Many people with High Functioning Autism can prove to be extremely intelligent, and also have an extensive vocabulary, but their social skills can still be very low, or even nonexistent at times. Some infants who later show signs of autism coo and babble during the first few months of life, but stop soon afterwards. Others may be delayed, developing language as late as the teenage years. The inability to speak does not mean that people with autism are unintelligent or unaware. Once given the necessary accommodations, some will enjoy conversing for hours, and will often be found in online chat rooms, forums, or searching the web, and even using communication devices at autism-community social events such as Autreat.

The Body Language of People with Autism

Many times the body language of people with autism can be hard for the non-autistic person to understand. Facial expressions, gestures, and movements, may be easily understood by other autistics, but they do not coincide with those used by other people. Also, the autistics tone of voice has a much more subtle inflection to it when expressing their feelings, and the auditory system of a person without autism many times is unable to sense these fluctuations. What seems to non-autistic people like odd prosody ; things like a high-pitched, sing-song, or flat, robot-like voice may be common in autistic children and some will have combinations of these prosody issues. Many autistic children with generally good language skills will speak like little adults, rather than speaking at what is considered normal for their current age level.  This is something that has the potential of leading to many other problems.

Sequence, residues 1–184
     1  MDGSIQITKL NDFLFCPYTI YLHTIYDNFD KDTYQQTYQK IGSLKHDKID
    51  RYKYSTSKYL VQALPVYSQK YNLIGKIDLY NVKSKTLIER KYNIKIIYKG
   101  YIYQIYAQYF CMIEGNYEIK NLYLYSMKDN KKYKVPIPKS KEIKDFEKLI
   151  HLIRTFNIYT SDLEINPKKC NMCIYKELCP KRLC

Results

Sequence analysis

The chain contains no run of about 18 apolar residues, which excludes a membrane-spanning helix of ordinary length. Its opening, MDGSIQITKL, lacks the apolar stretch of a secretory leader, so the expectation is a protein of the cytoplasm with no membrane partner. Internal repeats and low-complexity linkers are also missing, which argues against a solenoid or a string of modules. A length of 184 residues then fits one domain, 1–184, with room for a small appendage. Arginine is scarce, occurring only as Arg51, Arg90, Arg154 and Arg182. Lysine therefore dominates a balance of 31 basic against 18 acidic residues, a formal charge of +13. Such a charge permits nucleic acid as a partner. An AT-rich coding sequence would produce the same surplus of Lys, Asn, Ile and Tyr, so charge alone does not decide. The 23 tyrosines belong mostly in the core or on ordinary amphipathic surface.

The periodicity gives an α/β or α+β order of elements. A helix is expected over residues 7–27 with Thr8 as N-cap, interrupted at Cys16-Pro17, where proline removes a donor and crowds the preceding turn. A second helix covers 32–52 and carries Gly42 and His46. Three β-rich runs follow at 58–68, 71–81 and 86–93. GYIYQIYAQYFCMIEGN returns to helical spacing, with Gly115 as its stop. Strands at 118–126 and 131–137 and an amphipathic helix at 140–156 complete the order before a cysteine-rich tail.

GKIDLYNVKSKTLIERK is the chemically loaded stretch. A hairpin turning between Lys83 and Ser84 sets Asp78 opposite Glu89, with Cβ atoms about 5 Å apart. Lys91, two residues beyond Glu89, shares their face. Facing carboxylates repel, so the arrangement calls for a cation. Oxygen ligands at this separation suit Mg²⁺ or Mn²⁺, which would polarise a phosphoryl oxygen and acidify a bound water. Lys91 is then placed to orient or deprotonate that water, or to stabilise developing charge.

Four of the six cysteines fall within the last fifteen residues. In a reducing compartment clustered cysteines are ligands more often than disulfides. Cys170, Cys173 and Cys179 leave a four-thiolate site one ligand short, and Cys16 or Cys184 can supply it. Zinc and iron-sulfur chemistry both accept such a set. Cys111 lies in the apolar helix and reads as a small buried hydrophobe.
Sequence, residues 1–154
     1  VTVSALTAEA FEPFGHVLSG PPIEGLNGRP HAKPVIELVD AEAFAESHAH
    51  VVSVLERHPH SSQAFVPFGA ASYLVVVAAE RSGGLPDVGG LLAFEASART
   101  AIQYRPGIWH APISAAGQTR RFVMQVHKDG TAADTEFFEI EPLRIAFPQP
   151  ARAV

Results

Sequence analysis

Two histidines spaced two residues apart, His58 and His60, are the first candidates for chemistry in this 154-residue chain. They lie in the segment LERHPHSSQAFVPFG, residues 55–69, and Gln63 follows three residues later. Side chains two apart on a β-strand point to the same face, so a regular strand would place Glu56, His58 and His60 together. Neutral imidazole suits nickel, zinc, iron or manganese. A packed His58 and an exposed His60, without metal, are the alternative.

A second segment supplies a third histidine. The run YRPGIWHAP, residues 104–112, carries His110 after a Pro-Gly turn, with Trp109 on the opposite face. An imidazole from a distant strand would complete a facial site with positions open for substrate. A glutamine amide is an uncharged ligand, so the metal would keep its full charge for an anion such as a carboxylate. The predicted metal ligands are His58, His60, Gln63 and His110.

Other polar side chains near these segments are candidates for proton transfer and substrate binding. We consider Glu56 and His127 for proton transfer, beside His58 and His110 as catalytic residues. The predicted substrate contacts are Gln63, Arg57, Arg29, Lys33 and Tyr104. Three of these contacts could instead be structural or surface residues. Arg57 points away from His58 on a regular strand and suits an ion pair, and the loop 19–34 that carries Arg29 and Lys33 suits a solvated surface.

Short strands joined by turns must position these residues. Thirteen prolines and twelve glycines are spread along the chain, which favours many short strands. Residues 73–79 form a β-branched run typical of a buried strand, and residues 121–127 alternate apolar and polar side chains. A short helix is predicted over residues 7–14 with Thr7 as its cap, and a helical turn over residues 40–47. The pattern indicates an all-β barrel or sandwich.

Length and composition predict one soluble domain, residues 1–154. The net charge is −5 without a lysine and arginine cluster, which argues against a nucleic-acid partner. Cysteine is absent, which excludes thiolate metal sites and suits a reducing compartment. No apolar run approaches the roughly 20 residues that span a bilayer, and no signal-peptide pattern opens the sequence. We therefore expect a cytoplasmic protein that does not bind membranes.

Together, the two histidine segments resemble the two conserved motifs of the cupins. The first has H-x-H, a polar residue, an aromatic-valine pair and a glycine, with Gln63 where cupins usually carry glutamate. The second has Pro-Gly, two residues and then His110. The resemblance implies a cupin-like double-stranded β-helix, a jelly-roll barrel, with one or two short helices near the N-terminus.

Since most non-autistic people are often unfamiliar with the distinctive body language of the autistic person, and since speech may not be the natural language for the autistic, the autistic person will often have great difficulty letting other people know what they need. As anybody else might do in such a frustrating situation, they may scream out in frustration or panic, maybe resorting to grabbing whatever it is they want. While they are waiting for non-autistic people to learn their language, in order to communicate with them, people with autism are forced to do whatever they can to their needs known to them.

The speech difficulties caused by autism may in the long run contribute to autistic people becoming even more socially anxious, or depressed, or even prone to self-inflicted behaviour. Recently, with the growing awareness that those suffering with autism can actually have more than one medical condition. a large percentage of people with autism are being re-evaluated with co-morbid mood, anxiety and compulsive disorders which may also contribute to behavioural and functioning challenges for the autistic individual.

For more information about autism and the autistic community be sure to check out the resources available at answers-about-autism.

Click here to add this page to your favorites